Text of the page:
Baird's new electoral commissioner to help the premier 'clean up politics'

By Stephen Easton

June 8, 2016

New South Wales has a new electoral commissioner in John Schmidt, the former chief executive of the Australian Transaction Reports and Analysis Centre and a past deputy director-general of the Department of Premier and Cabinet.

His seven-year appointment begins on August 8. Linda Franklin, who stepped into the role on January 1 after the retirement of former commissioner Colin Barry, will continue to oversee the management of local government elections for those councils that will have them on September 10.

John Schmidt
John Schmidt

Schmidt, who has previously held several senior roles in the NSW public service, has been working for himself as a consultant since he left AUSTRAC in 2014. On LinkedIn, He lists his key skills as:

• anti-money laundering & counter-terrorism financing regulation and policy;
• machinery of government, including cabinet and parliamentary processes;
• organisational management and governance development and implementation;
• regulatory reform;
• developing and maintaining relations between Australian governments, government agencies and international bodies; and
• private sector and stakeholder engagement

Premier Mike Baird suggests his experience in the federal agency that investigates money laundering and terrorism financing put him in good stead for the role. Baird said in a statement:

“As part of our reforms to clean up politics in NSW, we established a new Electoral Commission with appropriate investigative functions and a clear mandate to institute criminal and civil proceedings for breaches of electoral laws.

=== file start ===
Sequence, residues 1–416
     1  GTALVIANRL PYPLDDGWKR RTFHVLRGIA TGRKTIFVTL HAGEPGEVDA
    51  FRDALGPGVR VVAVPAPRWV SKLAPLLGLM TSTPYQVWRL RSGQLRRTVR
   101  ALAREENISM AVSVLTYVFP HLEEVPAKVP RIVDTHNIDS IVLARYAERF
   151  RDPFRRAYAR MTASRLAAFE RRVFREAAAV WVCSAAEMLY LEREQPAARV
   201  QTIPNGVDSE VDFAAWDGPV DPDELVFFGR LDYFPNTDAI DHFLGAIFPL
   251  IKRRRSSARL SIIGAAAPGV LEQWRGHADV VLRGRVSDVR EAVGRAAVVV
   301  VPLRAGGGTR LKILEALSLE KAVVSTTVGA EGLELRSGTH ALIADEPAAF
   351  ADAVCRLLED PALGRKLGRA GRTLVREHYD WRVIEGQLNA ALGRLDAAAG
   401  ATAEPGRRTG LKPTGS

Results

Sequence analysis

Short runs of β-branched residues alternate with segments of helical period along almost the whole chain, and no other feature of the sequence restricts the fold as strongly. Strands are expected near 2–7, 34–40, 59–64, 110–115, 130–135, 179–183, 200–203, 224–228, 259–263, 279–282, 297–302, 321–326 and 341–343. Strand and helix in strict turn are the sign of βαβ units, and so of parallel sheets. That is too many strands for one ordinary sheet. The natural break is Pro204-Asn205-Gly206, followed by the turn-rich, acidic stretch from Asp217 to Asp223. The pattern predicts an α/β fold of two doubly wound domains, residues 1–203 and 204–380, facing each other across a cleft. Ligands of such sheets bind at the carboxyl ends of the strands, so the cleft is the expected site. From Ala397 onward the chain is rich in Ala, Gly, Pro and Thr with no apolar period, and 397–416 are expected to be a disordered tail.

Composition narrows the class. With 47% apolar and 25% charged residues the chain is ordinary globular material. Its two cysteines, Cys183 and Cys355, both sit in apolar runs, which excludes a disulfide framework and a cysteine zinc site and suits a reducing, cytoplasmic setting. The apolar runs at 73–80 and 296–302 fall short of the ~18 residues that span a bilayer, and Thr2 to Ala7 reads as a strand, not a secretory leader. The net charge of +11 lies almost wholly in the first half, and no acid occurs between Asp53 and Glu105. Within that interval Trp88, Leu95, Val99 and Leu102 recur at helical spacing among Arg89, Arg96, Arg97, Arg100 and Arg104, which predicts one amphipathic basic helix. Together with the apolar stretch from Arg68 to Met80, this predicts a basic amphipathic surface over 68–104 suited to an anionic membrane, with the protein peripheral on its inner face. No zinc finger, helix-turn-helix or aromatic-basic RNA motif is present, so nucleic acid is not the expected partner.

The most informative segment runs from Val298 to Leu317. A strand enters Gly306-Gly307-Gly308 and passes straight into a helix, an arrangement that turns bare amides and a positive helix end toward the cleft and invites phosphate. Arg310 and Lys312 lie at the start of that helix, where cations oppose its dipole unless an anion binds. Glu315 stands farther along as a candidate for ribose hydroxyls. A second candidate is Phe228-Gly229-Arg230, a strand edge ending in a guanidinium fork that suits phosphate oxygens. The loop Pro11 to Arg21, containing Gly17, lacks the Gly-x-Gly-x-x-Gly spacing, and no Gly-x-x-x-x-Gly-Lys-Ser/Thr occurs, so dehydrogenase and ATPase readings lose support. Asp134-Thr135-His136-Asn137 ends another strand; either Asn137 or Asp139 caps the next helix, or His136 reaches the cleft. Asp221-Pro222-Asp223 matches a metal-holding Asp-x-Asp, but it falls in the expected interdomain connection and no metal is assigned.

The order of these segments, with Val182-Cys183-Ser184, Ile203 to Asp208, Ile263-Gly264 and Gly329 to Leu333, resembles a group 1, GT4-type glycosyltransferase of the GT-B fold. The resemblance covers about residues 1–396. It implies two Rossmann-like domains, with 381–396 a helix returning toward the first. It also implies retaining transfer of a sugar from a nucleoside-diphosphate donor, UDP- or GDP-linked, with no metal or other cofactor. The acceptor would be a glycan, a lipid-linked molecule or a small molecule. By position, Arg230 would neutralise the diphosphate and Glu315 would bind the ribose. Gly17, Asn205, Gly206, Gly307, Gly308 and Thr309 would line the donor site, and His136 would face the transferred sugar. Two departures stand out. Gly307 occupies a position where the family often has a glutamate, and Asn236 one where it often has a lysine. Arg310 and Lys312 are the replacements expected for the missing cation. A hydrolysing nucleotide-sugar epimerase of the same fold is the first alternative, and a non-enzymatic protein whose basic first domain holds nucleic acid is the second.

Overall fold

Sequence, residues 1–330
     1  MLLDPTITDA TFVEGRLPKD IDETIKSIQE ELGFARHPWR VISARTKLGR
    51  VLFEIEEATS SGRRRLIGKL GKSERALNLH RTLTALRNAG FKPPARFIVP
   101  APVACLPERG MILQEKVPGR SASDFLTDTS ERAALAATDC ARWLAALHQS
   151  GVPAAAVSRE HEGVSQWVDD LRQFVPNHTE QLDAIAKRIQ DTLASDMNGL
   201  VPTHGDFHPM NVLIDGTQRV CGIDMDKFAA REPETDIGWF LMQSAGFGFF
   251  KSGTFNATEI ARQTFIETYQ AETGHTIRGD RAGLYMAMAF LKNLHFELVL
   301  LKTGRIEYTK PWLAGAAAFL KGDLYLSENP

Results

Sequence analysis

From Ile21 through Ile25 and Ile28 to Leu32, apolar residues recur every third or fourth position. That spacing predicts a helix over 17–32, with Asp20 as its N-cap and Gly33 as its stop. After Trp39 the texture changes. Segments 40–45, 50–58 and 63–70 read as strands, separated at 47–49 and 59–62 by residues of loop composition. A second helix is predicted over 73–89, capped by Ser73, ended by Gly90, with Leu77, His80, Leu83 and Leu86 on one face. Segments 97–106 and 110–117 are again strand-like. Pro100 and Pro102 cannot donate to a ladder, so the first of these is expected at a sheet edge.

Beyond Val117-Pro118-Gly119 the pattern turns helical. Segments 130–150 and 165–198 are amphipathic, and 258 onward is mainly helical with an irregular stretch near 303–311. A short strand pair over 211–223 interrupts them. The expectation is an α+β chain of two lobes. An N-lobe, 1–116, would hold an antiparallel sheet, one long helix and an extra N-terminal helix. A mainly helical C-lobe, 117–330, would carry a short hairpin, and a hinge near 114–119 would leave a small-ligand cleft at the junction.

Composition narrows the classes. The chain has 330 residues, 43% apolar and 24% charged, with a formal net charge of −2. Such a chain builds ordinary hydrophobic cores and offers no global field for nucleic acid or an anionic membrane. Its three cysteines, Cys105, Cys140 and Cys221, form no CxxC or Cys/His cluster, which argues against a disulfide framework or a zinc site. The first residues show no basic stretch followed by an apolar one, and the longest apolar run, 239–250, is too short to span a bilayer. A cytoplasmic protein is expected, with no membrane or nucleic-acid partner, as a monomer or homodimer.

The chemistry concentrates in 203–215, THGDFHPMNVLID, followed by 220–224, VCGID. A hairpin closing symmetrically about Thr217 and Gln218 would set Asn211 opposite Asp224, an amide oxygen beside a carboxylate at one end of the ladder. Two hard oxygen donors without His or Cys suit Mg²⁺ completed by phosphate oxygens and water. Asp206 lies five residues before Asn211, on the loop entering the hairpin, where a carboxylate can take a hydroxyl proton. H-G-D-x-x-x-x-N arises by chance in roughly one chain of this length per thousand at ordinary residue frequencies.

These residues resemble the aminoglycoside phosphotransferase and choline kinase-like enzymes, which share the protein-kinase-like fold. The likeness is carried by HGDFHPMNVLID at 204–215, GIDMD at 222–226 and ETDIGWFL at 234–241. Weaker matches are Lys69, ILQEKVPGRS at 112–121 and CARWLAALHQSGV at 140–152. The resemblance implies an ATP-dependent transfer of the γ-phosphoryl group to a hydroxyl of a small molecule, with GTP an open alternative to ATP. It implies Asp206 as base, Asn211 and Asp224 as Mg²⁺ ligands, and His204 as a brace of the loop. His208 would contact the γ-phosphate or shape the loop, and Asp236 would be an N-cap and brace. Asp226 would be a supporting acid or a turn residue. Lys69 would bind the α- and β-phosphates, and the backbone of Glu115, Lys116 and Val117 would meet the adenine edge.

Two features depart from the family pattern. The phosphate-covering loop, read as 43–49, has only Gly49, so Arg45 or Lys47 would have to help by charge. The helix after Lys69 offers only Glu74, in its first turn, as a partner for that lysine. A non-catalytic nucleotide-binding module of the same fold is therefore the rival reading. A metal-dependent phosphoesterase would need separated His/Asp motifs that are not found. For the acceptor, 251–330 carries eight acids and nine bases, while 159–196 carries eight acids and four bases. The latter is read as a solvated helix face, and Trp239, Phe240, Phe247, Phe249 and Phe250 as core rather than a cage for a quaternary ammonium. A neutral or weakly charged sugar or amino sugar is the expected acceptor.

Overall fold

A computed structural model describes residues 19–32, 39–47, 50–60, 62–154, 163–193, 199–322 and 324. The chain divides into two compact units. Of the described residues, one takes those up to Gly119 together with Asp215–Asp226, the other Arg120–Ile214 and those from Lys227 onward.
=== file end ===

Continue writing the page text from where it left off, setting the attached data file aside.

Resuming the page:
In John Schmidt we have a person with the right skills and experience to lead the organisation into the future.”

Of course, one of the NSWEC’s most recent decisions regarding electoral laws affected Baird’s own party, which was refused $4.4 million in public funding by the three-member commission. The independent body, made up of eminent former judge Keith Mason and former Queensland auditor-general Les Scanlan along with the electoral commissioner, also rejected a complaint from federal senator and former NSW Liberal Party finance director Arthur Sinodinos over the way it explained the decision.


As well as sit on the commission with Scanlan and Mason, Schmidt will lead the separate public service agency that supports it when he takes over as commissioner, and report to parliament through the Joint Standing Committee on Electoral Matters.

The agency keeps the commission supplied with relevant information, runs elections and maintains the NSW electoral roll. According to the commission’s website, the two “work together, yet independently of each other”.

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